Electronic patient record: From shelf warmer to longterm bestseller?

Since January 1st, 2021, the electronic patient record (ePA) has been available free of charge to all people with statutory health insurance through their own health insurer. Over the course of a year, the new digital health platform has undergone constant development, but has hardly been able to attract any new users. Very few of the 73 million people with statutory health insurance seem to be aware of the existence of the ePA, which is also reflected in the current user figures: According to gematik, only half a million insured people use the digital tool to manage their health data. For this reason, the electronic patient record has long been described by the media and healthcare experts alike as a “shelf warmer” in digital healthcare. This diagnosis raises several questions at once:

  • What is the reason for the low user activity of the ePA?
  • What advantages can the digital record offer us currently?
  • What does the ePA need to become a longterm bestseller in healthcare?

Stagnant utilization: what's the ePA missing?

Limited functionalities

Probably the most important and obvious reason for the low usage of the ePA is its still limited functionalities. Despite initial add-ons integrated on January 1st 2022, the digital record is still under construction. At present, patients can only store data from existing applications and documentation in their ePA, such as emergency data, medication plans, doctor’s letters, medical reports or X-rays (expansion stage: ePA 1.1). It will also be possible to store vaccination cards, maternity records, children’s examination booklets and dental bonus booklets from the beginning of 2022 (expansion stage: PA 2.0, 2022). However, the integration of new data sources (e.g., DiGA data from 2023) and the possibility of releasing data to the German Research Data Center (FDZ) are likely to make things more interesting for many insured persons and physicians (expansion stage: ePA 2.5, 2023).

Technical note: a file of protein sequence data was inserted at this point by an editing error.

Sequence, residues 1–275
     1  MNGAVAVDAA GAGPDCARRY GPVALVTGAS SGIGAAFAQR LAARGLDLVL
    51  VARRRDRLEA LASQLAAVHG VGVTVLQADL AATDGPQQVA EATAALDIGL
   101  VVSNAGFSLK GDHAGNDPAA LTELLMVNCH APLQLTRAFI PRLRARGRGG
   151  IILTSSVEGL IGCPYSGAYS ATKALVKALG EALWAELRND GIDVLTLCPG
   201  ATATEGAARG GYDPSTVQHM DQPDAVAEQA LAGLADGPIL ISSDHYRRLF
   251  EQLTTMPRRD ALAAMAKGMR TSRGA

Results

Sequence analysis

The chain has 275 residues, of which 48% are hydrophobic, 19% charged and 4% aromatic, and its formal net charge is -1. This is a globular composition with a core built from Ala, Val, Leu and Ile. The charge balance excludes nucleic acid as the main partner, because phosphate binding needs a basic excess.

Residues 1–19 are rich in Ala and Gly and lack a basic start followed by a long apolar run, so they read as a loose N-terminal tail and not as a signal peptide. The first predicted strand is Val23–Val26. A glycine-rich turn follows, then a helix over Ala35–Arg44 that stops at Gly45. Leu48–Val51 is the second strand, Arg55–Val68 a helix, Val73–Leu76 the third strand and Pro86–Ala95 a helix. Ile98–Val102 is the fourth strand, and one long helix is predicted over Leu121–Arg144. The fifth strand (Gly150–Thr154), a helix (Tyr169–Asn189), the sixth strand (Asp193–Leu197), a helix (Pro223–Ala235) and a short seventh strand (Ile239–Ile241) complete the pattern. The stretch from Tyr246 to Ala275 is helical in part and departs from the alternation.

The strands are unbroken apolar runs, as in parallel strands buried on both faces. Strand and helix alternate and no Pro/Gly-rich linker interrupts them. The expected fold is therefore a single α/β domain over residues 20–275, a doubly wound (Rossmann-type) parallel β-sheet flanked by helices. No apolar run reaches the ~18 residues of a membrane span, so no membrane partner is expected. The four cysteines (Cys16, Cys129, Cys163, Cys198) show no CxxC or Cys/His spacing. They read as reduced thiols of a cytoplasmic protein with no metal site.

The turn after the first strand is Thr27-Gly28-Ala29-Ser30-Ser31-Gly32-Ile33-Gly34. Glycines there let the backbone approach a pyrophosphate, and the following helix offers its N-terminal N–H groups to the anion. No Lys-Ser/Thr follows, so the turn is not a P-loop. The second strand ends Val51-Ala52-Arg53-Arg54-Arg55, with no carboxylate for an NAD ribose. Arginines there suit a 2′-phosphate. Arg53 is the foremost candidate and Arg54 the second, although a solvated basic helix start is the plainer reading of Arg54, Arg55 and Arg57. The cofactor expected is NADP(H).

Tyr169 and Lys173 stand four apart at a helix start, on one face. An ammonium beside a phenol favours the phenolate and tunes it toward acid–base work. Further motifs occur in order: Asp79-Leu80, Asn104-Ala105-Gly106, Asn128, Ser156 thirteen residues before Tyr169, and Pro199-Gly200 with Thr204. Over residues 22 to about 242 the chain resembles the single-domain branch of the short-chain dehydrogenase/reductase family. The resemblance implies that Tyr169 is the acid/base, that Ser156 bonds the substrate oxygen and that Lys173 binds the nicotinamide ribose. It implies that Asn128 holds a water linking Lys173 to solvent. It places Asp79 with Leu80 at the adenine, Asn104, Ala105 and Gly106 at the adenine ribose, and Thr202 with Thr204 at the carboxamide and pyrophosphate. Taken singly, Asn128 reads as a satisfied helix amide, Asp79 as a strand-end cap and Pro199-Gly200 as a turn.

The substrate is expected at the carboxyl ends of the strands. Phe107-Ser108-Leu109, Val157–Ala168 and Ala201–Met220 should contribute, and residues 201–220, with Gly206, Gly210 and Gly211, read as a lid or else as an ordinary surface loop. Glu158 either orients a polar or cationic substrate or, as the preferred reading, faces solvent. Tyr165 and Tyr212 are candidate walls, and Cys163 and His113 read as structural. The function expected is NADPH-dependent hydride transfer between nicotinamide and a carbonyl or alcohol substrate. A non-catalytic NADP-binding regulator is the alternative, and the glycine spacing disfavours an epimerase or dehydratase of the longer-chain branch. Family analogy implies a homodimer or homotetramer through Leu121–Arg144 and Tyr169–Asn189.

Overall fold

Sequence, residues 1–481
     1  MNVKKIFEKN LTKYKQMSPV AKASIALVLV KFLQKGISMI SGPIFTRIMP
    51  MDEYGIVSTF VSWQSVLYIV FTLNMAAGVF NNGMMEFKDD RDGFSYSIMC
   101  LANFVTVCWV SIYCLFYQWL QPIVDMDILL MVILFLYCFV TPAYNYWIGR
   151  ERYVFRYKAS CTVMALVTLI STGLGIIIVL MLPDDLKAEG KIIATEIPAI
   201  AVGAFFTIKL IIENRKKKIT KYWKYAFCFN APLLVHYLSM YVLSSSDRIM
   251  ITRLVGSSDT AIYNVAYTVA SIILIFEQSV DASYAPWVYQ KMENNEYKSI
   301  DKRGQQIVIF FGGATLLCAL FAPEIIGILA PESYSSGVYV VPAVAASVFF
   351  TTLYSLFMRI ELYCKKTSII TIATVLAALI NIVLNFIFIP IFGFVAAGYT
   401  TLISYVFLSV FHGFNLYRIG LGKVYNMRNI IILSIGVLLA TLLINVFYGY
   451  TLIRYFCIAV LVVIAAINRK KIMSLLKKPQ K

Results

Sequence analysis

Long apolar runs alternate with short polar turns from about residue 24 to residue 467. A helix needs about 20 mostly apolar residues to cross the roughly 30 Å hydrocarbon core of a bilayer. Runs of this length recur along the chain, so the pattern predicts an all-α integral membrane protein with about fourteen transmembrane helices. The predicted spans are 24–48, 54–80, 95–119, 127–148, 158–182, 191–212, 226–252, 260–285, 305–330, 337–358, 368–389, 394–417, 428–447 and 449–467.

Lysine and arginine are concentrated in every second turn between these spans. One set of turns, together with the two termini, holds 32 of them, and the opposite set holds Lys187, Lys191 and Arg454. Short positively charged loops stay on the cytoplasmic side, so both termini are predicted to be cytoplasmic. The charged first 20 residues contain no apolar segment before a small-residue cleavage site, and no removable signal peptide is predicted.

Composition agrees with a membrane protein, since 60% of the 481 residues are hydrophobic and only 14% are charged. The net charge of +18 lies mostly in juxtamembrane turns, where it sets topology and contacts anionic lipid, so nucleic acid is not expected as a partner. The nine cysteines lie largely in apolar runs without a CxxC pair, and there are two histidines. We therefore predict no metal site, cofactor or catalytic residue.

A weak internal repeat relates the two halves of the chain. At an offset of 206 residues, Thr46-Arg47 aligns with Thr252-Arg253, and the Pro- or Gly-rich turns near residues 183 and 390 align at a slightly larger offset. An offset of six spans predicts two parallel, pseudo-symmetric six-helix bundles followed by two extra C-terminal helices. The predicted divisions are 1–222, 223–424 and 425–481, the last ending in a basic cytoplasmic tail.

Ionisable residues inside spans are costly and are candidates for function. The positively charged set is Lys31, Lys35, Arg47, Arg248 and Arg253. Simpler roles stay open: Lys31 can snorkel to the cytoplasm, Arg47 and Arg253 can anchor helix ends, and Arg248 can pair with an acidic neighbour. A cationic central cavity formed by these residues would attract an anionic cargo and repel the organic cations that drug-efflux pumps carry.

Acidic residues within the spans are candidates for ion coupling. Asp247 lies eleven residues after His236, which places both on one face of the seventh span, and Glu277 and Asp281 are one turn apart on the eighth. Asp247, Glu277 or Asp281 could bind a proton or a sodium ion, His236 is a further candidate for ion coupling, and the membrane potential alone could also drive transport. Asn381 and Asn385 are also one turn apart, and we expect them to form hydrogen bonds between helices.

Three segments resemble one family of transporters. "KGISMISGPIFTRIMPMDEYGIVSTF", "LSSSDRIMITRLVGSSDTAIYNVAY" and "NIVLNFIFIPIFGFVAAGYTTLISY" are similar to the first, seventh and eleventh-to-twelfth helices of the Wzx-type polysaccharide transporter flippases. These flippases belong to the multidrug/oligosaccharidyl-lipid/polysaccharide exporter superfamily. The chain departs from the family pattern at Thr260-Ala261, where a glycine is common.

Lack of Awareness Campaigns

Another reason for the low utilization of the electronic patient record is the near complete lack of public attention it has received to date. A representative survey conducted at the end of 2020 by the market research institute Consumerfieldwork shows: Even shortly before the official launch of the ePA, around 4 in 10 insured people had never heard of the electronic patient record. Only 9.4 percent of respondents – and thus only one in ten of those with statutory health insurance – had knowledge of how the record worked at that time and associated it with actual added value for their healthcare. In view of the current user figures, this communication gap between associations, health insurers, physicians and their insureds, as well as patients, does not appear to have been closed to date. The lack of educational campaigns will inevitably have an impact on the widespread integration of the electronic patient record.

The key to patient relevance: What does the ePA need?

Given its current stage of development, the ePA is not yet the central element of healthcare that it should be one day. But that is precisely why it makes sense to explore the question of what the ePA can be in the future and what use cases might develop around this hub of patient care.

Innovative value-added functions